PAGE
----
The young loaded man, the detective was told, was a resident in Kiswa near Bugolobi. He had only recently relocated from the United Kingdom to Kampala. He had money and hanged around bars most of the time.
After a brief tracking, the young man was arrested. He was Baker Walusimbi, a resident of Wankoko in Bugolobi.

Upon arrest, Walusimbi confessed to the triple murder on video camera. Police drove him to Lutembe where two of the bodies were recovered.
Though residents had not seen Walusimbi at the scene, they confirmed seeing his car at the beach.

At Lutembe beach, Walusimbi told RRU officers that he had returned to the scene to look for something he didn’t name from the scene.
Walusimbi narrated how he picked the girls from Nandos to Najjanankumbi. Before reaching their destination, he locked the girls in the car and intimidated the girls into keeping quiet until he reached Lutembe beach. Walusimbi then refused to let the girls go after realising that one of them had identified him. Knowing that letting them go would lead to his arrest, Walusimbi decided to drive them up to the beach.
Once at the beach, Walusimbi locked the girls in the car to ensure none of them got away. He then got out one girl careful enough not to let others escape. He took one of the girls out and he slit her throat. Walusimbi came back for another girl and killed her in the same way.
Leaving him with one girl, Walusimbi drove back towards Kampala and drove towards Kawaala. Since the day break was approaching fast Walusimbi killed the third girl there before driving off.
In his confession, Walusimbi said he had offered a lift to the trio with the sole intention of robbing them. But his motive changed for the worst when he learnt from one of the women, that his identity was not concealed.
The police said they had arrested Walusimbi after investigations that involved tracking the phones of the slain girls.

Walusimbi had had a history of crime. In 2002, he was convicted of defilement and remanded at Luzira prison. Walusimbi is also alleged to have killed one of his sisters prior to his arrest.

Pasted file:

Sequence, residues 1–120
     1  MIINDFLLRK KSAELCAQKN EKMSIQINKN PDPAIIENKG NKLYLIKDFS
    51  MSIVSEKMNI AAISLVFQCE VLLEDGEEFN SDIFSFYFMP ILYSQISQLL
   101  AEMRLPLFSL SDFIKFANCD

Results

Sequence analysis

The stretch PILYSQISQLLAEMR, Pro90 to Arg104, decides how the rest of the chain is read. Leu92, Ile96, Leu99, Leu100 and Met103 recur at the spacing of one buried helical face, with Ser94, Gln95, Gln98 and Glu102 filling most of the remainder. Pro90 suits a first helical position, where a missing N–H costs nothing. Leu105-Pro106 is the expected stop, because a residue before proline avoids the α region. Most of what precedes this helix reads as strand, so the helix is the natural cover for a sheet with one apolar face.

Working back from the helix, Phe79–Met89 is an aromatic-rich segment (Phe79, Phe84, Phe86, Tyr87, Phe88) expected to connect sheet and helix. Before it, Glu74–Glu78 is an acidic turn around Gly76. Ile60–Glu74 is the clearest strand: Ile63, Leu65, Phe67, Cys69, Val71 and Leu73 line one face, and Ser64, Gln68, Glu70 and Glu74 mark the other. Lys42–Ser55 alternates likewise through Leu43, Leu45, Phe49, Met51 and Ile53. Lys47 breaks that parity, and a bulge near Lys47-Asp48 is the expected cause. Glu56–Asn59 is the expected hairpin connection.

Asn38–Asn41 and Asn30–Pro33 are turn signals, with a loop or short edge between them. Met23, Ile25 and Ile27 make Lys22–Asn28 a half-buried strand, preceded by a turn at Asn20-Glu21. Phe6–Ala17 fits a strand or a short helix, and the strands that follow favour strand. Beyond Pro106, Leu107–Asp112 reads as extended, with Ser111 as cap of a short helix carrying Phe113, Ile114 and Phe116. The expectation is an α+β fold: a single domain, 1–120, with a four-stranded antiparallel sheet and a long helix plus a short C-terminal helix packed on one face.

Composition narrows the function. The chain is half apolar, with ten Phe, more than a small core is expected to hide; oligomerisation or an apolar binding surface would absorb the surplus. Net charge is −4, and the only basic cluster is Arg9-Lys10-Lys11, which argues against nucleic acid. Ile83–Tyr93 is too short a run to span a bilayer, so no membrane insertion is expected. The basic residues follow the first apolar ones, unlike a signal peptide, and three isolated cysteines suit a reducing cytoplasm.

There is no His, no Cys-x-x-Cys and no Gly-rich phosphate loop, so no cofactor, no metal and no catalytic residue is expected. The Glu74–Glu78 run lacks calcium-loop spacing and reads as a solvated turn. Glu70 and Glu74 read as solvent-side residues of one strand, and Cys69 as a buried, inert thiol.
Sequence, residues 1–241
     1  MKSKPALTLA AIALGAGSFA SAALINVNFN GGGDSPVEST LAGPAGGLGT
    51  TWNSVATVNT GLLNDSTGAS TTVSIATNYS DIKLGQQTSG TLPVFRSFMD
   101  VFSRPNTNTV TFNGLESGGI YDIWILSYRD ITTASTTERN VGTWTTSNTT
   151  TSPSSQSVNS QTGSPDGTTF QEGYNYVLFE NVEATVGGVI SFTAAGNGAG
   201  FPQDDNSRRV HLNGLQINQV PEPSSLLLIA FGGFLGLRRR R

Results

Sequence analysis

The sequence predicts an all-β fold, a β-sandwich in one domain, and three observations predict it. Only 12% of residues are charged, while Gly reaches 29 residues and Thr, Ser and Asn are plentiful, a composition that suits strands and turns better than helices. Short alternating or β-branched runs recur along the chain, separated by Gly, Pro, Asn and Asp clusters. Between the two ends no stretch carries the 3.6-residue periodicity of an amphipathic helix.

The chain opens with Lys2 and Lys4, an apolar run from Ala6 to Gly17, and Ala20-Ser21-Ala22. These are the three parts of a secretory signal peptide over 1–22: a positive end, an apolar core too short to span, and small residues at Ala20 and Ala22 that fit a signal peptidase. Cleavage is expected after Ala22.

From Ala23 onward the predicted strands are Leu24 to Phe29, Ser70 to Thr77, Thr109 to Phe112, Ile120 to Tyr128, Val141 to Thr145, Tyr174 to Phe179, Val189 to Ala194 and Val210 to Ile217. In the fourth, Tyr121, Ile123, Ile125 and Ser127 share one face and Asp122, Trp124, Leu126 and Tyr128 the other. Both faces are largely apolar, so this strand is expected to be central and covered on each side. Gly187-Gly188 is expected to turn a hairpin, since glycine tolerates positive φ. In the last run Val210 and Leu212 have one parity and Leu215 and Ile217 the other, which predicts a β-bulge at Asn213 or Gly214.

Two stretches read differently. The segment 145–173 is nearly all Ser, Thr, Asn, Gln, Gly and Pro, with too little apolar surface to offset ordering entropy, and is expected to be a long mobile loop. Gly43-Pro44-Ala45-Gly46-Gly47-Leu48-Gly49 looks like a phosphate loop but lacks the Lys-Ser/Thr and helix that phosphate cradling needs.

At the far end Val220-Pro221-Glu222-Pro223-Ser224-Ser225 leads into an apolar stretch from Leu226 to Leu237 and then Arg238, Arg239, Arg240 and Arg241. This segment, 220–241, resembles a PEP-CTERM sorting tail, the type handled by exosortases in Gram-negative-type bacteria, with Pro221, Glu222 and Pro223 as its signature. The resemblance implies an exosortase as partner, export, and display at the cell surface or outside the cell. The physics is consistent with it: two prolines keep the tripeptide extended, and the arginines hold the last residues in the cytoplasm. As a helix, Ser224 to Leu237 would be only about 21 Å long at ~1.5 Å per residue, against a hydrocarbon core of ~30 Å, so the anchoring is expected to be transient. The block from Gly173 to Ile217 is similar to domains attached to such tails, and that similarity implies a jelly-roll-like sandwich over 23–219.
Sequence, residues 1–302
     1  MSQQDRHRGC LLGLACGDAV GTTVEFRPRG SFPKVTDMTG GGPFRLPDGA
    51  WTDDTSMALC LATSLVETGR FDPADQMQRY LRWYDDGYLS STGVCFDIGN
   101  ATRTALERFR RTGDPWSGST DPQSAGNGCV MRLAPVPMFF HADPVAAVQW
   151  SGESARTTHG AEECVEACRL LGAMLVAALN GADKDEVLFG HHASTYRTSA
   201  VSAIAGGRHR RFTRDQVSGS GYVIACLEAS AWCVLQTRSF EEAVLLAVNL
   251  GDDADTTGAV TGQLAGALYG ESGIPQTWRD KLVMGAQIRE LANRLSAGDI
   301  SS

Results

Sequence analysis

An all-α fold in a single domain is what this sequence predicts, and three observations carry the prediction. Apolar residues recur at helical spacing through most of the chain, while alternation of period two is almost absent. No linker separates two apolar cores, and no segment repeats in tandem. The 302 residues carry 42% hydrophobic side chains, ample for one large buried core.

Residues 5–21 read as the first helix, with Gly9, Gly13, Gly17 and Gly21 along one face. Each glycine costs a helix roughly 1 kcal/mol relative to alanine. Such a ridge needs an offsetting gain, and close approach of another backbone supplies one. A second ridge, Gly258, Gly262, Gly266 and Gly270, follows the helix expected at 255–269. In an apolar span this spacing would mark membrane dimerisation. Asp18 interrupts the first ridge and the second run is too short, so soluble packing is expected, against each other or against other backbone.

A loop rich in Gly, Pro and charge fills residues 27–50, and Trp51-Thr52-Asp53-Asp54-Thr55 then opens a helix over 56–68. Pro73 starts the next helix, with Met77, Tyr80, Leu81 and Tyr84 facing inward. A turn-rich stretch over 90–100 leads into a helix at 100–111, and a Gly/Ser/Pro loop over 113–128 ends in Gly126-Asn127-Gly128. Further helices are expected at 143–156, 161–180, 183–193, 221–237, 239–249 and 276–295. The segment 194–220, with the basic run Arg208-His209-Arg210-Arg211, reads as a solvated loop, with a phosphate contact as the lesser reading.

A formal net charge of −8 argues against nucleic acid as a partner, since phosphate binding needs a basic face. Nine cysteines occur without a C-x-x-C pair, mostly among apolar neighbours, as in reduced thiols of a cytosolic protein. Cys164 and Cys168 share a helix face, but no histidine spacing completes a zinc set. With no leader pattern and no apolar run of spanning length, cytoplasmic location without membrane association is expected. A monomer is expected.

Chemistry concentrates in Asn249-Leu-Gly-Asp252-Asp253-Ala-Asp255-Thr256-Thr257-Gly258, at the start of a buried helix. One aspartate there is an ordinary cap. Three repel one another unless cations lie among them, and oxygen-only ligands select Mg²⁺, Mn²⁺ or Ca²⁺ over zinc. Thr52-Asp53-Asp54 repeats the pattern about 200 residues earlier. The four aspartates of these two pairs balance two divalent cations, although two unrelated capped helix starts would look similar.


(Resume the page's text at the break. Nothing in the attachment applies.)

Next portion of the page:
VCCU also confiscated 190 phones during the investigation. It was discovered that Walusimbi would lock the women inside his car and withdraw all the money from accounts using their ATM cards. He would then rape the women and let them go if they did not recognise him.
One of the VCCU operatives that tracked Walusimbi recalled how on December 18, 2005, Walusimbi kidnapped two female students from Kyambogo University and another lady who lived in Nateete from Nakawa stage.
Walusimbi offered a lift to the stranded ladies in his Toyota Corona to town but diverted to Entebbe Road, passing Nasser Road.

He asked the ladies where they were heading and their work.
At Nasser Road, Walusimbi asked his occupants whether they had ever heard of a notorious robber and rapist called Baker Walusimbi. The revelation sent chills down three girls’ spines since it was raining heavily. They all kept quiet knowing that not even shouting would help.
At Shoprite the girl heading to Nateete girl asked to disembark, but Walusimbi did not stop. He drove towards Ggaba Road.
At Mukwano-Ggaba road traffic lights, Walusimbi warned that each of them would get a punishment boarding strangers’ vehicles.
Two of the girls tried to shout but he forced them to keep quiet by pulling a knife and gun on them.

At Bbunga, Walusimbi stopped and ordered one lady to remove whatever she had, including the shoes and mobile phone and get out of the vehicle.
He then drove towards Munyonyo Speke Resort where he left another girl after robbing her of all her possessions.

This incident sent fear in the general public most, especially students of Kyambogo University, Makerere University Business School and Uganda Management Institute who had been accepting lifts from strangers.
There were a number of incidents that police recorded involving this mysterious kidnapper who was robbing valuables from women. Though police vowed to put a stop to the wave the suspect, Baker Walusimbi remained at large until he was arrested by the Violent Crime Crack Unit on January 21, 2006.

Walusimbi who has been on remand at Luzira prison was recently set to be granted bail after court assessors to his case vanished. But his case was sent back for fresh trial.